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Menominee language finds new life in schools
by Malavika Jagannathan - The Green Bay (WI) Press-Gazette
credits: photo by H. Marc Larson - Green Bay (WI) Press-Gazette

Tribe committed to preserving conversational skills

KESHENA — Everyone must participate in Margaret Snow's "talking circle" when the fifth- graders introduce themselves using the Menominee language — that's a rule.

Some students easily pronounce the words, repeating their name, clan and hometown as quickly as they can recall it. But it's more of a challenge to others who may not have been as exposed to the native language.

"I just want them to try," said Snow, one of two language teachers at Keshena Primary School. "With these words they can communicate with each other, so it's important they have a chance to show they can remember their introductions."

Snow's third-grade students learn to talk about the weather in the Menominee language, and then recite a traditional prayer. Her fifth-graders focus on their conversational skills.

Like other native languages across the state and the country, Menominee is on the endangered list. Fewer than 20 fluent first-language speakers of the language remain in Wisconsin.

But the Menominee Indian School District, the public school system that serves the reservation, is committed to creating as many second-language learners as they can, superintendent Wendell Waukau said. All elementary and middle school students are required to learn Menominee. In high school, the language becomes an elective.

"We're definitely continually improving but more work needs to be done," said Waukau, adding that funding from the state certainly would be welcome.

State Superintendent Elizabeth Burmaster has requested $250,000 in the 2009-2011 biennial Department of Public Instruction budget to use as grants so Native American languages can be taught in public schools. The money for the program is taken from tribal gaming revenues paid to the state.

"There's been strong support for tribal language programs," said J.P. Leary, American Indian Studies consultant with the Department of Public Instruction. "In a lot of cases there are after-school or community-based programs — this may be an opportunity to take that and bring it to the schools."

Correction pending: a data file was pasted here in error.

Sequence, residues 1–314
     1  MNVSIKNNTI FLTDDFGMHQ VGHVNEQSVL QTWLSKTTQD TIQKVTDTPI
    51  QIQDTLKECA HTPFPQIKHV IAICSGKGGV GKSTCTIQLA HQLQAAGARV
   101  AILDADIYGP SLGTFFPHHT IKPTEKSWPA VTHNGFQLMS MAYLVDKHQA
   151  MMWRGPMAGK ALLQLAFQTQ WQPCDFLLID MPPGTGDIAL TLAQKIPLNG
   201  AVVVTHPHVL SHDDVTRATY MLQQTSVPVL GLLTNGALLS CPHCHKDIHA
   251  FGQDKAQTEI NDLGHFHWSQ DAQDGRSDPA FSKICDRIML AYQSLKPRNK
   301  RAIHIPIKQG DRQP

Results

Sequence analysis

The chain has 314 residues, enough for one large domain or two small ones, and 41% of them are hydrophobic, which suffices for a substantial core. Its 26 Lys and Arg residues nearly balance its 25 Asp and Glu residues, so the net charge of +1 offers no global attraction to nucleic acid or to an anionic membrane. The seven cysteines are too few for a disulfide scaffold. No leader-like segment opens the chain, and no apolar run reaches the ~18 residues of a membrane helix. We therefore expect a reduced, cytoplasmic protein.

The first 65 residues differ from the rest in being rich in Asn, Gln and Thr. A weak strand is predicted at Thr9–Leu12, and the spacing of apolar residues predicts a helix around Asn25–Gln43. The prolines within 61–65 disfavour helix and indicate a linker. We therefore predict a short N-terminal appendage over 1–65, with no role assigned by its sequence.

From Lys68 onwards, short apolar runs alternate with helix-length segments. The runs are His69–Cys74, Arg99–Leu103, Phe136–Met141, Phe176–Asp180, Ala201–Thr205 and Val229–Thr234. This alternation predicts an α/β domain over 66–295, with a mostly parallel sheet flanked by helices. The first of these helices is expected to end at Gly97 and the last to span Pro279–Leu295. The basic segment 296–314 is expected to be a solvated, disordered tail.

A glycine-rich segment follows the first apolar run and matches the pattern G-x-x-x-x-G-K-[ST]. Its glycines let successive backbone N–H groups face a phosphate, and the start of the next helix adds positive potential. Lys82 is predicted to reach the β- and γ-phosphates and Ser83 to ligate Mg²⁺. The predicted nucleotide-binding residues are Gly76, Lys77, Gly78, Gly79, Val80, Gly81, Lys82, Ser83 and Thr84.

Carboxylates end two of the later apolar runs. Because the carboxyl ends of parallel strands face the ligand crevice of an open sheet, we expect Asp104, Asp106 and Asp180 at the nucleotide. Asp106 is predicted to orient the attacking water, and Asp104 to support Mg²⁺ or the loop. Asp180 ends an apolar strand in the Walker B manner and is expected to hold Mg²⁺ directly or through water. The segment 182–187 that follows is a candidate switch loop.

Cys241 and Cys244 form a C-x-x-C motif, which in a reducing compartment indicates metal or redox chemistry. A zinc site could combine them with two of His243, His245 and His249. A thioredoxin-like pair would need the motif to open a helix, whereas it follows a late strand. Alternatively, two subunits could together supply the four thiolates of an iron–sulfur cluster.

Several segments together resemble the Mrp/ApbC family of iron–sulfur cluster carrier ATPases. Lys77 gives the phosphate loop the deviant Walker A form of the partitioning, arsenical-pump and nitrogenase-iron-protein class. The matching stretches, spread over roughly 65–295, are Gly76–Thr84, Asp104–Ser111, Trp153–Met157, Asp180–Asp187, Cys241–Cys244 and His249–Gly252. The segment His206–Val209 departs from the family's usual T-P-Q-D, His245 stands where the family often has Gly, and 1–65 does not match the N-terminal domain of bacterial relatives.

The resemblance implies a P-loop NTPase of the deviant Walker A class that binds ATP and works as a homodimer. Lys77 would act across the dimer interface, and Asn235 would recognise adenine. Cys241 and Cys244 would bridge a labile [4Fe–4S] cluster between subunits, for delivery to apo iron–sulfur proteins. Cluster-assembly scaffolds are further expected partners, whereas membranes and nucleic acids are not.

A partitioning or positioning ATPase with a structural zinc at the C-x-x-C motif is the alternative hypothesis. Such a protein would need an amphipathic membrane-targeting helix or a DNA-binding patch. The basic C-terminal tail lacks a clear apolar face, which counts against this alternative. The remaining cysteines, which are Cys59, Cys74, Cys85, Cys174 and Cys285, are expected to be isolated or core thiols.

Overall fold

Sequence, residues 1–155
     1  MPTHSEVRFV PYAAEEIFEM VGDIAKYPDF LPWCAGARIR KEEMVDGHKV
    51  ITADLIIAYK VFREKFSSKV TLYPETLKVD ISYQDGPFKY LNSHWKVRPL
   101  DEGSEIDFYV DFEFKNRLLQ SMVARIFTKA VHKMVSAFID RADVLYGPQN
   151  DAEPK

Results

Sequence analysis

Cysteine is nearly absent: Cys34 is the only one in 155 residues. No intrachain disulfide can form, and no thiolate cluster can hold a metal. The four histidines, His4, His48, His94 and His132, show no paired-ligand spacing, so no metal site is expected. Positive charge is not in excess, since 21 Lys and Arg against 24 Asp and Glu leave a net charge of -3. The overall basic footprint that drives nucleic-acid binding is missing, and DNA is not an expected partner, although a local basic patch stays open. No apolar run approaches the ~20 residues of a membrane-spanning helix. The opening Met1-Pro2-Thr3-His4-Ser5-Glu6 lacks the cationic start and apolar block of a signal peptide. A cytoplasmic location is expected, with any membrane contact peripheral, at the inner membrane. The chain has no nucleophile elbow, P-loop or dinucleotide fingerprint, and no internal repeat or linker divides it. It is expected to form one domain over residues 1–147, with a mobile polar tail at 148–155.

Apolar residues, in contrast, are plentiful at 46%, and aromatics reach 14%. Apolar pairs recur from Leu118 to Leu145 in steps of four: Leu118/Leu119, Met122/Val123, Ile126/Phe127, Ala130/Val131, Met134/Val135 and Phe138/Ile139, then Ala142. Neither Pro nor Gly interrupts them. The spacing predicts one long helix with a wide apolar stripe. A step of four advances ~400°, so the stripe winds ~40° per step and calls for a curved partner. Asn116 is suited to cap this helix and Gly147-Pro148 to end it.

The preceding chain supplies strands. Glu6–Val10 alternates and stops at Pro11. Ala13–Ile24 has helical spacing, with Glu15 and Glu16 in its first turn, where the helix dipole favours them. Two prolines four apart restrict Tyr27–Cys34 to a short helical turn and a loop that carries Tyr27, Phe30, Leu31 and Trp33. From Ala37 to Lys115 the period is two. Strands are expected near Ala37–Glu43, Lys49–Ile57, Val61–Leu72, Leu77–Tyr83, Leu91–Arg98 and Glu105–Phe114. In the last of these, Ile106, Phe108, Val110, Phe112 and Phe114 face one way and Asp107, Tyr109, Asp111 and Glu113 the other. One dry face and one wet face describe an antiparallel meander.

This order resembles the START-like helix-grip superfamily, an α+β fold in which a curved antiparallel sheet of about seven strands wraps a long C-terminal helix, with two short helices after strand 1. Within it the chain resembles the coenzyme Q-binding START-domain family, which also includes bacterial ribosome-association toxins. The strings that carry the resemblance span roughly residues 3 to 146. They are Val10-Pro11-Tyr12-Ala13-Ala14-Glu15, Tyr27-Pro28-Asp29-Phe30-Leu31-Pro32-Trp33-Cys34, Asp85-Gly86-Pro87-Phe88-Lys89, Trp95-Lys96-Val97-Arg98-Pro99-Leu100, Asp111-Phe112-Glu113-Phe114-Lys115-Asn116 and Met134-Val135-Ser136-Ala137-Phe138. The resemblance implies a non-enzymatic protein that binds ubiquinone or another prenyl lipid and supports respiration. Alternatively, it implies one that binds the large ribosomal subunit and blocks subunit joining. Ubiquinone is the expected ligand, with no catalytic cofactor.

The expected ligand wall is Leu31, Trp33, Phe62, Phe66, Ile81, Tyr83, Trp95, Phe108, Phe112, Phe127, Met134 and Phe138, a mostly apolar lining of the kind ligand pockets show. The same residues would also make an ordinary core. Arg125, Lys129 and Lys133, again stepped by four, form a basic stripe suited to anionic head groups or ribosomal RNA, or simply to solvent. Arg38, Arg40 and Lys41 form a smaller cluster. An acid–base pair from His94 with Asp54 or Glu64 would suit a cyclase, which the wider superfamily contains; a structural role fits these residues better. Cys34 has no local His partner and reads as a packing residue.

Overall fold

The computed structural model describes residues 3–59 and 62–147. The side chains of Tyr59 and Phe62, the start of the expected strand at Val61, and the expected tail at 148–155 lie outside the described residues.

While tribal languages often are taught in tribal schools such as the Oneida Nation schools and in community settings, few programs exist to teach the languages in a public school setting.

When Ron Corn Jr. attended Menominee High School, he had a fluent-speaking Menominee mentor who encouraged him to pursue the language beyond what the school offered. Today, Corn is one of two language teachers at the high school, teaching advanced level classes.

"This is the first advanced classes we've offered in years," Corn said Tuesday. "But there is a stigma on carrying the language outside the classroom, which is what we need to encourage."

Like the elementary classes many of them graduated from, high school students focus on vocabulary. For many years, without a teacher at the middle school level, there was a gap between what students picked up in the elementary school and when they entered high school, Corn said.

Corn, whose children have started speaking the language at an early age, finds one of the challenges is in making the language a living product, not just an in-classroom language.

"General consensus on learning languages is that you learn the numbers, animals, a few phrases," Corn said. "I'm trying to buck that trend."

His classes are working on translating English books into Menominee, building up vocabulary and putting together a documentary. Corn also is trying to put together a nonprofit organization in the community to provide opportunities for all members of the tribe to learn about the language and culture.

The tribe already has a language and culture commission that trains teachers, produces classroom material and offers language classes for elders, said Karen Washinawatok, director of the commission.

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